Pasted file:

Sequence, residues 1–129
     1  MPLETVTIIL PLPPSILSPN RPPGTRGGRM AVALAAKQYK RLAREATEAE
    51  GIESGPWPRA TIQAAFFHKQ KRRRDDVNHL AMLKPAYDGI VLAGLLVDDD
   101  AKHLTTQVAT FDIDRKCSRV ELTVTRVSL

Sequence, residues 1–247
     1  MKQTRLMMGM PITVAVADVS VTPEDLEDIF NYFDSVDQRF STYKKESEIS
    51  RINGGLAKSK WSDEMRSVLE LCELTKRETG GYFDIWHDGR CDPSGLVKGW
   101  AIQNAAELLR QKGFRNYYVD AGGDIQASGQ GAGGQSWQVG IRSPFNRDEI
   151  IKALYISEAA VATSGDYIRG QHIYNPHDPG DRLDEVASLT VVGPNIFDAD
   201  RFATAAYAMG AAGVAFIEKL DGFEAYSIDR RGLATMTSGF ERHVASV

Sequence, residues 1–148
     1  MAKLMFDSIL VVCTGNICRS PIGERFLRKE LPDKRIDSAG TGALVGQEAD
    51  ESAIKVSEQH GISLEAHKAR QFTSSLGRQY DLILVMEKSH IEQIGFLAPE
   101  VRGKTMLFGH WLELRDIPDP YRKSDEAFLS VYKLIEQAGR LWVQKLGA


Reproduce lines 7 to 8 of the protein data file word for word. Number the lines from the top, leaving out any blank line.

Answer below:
    51  RINGGLAKSK WSDEMRSVLE LCELTKRETG GYFDIWHDGR CDPSGLVKGW
   101  AIQNAAELLR QKGFRNYYVD AGGDIQASGQ GAGGQSWQVG IRSPFNRDEI